The Great Debate UK
–Laurence Copeland is a professor of finance at Cardiff University Business School. The opinions expressed are his own.–
You’ve got to admire the endless inventiveness of our politicians. Just when you think there’s nothing new under the sun, they catch you out by coming up with an idea so bad nobody seems to have thought of it before.
Now the All-Party (or was it All-night Party?) Parliamentary Group on Financial Education for Young People has come up with the daftest idea I’ve heard since the previous Government’s idiotic Home Information Pack scheme, but which threatens to do far more serious damage. They propose, in the FT’s words, that “High street banks responsible for some of the worst consumer mis-selling scandals of the past decade will be invited into British schools to help teach financial education”.
I had to read this paragraph two or three times, then ask myself if it was April 1st, before digesting the craziness of this idea. Presumably it will be followed by an invitation to Silvio Berlusconi to lecture our MPs on ethical behaviour in politics. After all, most people would expect a course in prudent personal financial management to start with the lesson: “Whatever you do, don’t take advice from your bank”.
By Laurence Copeland. The opinions expressed are his own.
It will be a long road back to respectable standards in our schools, but for making a start, Michael Gove deserves our respect and gratitude. It takes a lot of bravery to confront Britain’s education establishment.
However, there is one critical issue which I never hear mentioned in any of the fractious debates on education. It hides behind a number of aliases: continuous assessment, assignments, projects, and no doubt many others. Whatever form it takes, the common factor is the incorporation into public qualifications of grades based on work completed outside exam conditions – at home, in the library, in the shopping mall, anywhere except under the eye of an objective invigilator.
-Omar Khan is director of policy research at UK race equality think tank The Runnymede Trust. The opinions expressed are his own.-
Scholars, policy experts, advocates and members of Congress will be gathering in Washington in early April to assess the racial wealth gap in the United States, where families of colour on average own 16 cents of wealth to the white family’s dollar.
By Laurence Copeland. The opinions expressed are his own.
I am unsure about Britain’s education system. Most of the time, I think it is a matter of one step forward, two steps back – but then there are times when I wonder about the forward step.
This morning I heard the glad tidings about the latest ideas for grabbing a much-prized relegation slot in the world’s education league table (predictably enough, the Americans can be relied on to provide stiff competition).
Jess deCourcy Hinds, a library director and writer, has written for Newsweek, the New York Times, Ms., and School Library Journal. The opinions expressed are her own. Thomson Reuters is hosting an International Women’s Day live blog on March 8, 2011.
I am the librarian at Bard High School Early College in Queens, New York, where my students speak 34 languages, from Albanian to Urdu to Tibetan. And I’m proud to say that these bright, culturally diverse students are learning about feminist history—some as early as 9th grade. I had to wait until graduate school to become a feminist scholar with the kind of research opportunities my youngest students have now.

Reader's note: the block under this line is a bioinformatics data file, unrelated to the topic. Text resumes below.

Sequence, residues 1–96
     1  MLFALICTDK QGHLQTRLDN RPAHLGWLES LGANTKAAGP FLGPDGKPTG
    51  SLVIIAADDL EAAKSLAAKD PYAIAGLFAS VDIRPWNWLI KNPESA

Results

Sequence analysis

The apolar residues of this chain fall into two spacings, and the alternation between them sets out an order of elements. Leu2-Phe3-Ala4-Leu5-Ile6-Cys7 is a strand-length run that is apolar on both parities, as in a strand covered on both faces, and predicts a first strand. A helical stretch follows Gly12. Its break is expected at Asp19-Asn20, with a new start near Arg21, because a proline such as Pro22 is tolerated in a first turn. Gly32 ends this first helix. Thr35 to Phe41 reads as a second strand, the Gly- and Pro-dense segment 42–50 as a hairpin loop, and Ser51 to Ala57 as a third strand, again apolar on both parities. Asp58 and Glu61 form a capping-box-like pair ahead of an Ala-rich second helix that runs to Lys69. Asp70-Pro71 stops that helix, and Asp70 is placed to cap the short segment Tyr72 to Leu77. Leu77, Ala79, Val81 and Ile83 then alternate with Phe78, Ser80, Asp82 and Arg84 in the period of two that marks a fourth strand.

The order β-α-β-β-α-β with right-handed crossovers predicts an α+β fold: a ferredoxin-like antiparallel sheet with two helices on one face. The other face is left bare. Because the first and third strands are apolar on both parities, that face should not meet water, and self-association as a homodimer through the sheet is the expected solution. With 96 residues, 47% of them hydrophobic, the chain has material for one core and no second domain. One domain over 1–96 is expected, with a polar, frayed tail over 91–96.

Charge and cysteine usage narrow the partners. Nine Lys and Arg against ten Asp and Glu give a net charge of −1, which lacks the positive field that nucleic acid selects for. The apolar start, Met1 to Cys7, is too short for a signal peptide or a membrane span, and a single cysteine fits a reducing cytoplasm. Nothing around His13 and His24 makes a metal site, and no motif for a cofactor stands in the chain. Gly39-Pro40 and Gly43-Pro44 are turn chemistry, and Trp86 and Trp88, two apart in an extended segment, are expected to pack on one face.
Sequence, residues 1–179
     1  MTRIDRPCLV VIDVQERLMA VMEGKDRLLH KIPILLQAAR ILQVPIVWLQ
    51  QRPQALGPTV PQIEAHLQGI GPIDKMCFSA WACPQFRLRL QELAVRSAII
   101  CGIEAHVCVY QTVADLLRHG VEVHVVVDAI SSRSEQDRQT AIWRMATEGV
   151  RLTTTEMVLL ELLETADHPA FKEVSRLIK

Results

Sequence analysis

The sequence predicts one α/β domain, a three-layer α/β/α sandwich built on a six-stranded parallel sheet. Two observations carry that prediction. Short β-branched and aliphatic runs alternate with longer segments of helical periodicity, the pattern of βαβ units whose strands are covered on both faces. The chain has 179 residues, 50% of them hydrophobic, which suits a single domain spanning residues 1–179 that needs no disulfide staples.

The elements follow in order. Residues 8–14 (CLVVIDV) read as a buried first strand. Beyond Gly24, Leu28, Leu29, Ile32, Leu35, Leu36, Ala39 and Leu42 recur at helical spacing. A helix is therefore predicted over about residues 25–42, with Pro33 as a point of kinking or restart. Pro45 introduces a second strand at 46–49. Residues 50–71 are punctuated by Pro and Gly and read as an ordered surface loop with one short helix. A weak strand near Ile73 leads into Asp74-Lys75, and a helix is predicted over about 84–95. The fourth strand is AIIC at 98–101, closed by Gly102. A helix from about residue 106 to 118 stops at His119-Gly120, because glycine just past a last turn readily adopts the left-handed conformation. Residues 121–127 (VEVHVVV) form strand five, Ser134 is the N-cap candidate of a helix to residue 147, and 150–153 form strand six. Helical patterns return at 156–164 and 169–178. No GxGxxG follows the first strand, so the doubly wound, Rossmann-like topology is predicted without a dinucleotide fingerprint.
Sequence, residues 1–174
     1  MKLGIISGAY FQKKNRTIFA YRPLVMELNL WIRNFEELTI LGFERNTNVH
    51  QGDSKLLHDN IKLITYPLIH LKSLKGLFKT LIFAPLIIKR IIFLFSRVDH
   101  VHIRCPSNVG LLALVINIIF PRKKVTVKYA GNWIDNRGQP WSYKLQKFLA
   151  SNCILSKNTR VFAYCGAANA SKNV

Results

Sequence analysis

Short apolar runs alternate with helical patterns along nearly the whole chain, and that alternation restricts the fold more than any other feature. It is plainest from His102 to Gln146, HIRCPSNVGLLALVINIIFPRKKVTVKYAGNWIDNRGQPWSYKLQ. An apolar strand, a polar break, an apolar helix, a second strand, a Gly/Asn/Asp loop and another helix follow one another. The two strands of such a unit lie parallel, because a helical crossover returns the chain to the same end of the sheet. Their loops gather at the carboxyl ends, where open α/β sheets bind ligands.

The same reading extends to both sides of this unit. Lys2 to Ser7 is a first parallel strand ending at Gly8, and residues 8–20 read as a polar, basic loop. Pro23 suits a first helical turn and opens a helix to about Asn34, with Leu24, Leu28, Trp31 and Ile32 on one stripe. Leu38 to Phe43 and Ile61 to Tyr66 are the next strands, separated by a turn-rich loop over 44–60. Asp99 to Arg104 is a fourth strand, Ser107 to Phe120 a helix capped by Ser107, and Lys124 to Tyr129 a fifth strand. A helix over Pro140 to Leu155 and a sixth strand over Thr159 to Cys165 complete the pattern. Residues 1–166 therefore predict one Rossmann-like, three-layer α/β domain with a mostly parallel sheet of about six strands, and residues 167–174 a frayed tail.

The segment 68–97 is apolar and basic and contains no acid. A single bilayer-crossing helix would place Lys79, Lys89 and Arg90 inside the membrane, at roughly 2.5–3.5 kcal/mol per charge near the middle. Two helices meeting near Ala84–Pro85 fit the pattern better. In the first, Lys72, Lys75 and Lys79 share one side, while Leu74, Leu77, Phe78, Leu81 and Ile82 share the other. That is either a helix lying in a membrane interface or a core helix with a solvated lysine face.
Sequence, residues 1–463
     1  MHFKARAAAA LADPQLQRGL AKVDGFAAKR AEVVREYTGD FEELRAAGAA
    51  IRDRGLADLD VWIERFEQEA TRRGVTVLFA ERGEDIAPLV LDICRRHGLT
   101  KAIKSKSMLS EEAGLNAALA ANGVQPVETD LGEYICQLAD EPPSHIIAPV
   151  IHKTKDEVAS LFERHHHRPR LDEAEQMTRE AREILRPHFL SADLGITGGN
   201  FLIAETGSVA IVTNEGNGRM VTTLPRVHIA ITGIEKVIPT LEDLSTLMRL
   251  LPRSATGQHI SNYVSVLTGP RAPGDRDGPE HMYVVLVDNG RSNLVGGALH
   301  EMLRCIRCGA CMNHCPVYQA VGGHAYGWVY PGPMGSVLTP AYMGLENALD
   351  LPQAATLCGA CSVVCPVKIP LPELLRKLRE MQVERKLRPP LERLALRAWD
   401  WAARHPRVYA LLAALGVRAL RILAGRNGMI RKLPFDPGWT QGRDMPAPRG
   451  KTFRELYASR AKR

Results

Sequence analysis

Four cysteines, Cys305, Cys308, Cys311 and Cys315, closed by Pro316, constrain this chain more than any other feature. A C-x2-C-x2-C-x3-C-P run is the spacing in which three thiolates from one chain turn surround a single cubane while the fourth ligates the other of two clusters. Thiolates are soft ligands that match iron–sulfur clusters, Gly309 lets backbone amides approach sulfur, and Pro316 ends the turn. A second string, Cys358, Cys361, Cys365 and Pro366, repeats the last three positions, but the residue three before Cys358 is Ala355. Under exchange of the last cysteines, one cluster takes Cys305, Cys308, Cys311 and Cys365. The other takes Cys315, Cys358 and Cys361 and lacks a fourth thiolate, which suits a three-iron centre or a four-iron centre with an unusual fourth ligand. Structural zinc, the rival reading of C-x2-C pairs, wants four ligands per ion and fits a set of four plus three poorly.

- Mark Kobayashi-Hillary is the author of several books, including ‘Who Moved my Job?’ and ‘Global Services: Moving to a Level Playing Field’. The opinions expressed are his own. –
Deputy Prime Minister Nick Clegg is on a mission to shore up support within his own party for the tripling of university tuition fees. The Liberal Democrats campaigned with a manifesto pledge claiming they would axe fees if they ever got into power. They got the power, but only via a coalition with the Conservative party, and though they claim that some Lib Dem pledges survived the coalition talks, the policy on tuition fees actually went the other way.
-Lindsey Nefesh-Clarke is the founder of Women’s Worldwide Web – an online charitable organisation designed to help empower women with access to micro-finance loans, education, mentoring and networking. The opinions expressed are her own.-
“To reach a tipping point towards a new era of sustainability”: this is the urgent goal of the business, government and civil society leaders who convened in New York City for the recent U.N. Global Compact Leaders Summit.
-Tony McAleavy is the Director of Education at CfBT Education Trust. The opinions expressed are his own.-
In response to fears that 16 and 17 year olds were the forgotten victims of the recession, the government announced an extra 72,000 school, college and apprenticeship places from this month. If all the places are taken up, non-participation might dip from 14 percent to around 10 percent. And yet, as many as 100,000 16 and 17 year olds currently in employment (with or without training) would still be at risk from the recession.
from UK News:
New university students should expect to owe 23,500 pounds at graduation, the 2009 Push Student Debt Survey shows.
- John Dunford is general secretary of the Association of School and College Leaders and was formerly head of Durham Johnston Comprehensive School, one of the top-performing non-selective state schools at A-level. The opinions expressed are his own. -
Every August there is a debate in England about whether standards of A-level examinations have declined and whether A-levels are fit for purpose. Years ago, Dr Rhodes Boyson used to be the harbinger of annual doom; in recent years Professor Alan Smithers has invariably produced a report in A-level results week using statistics to “prove” that A-levels are getting easier.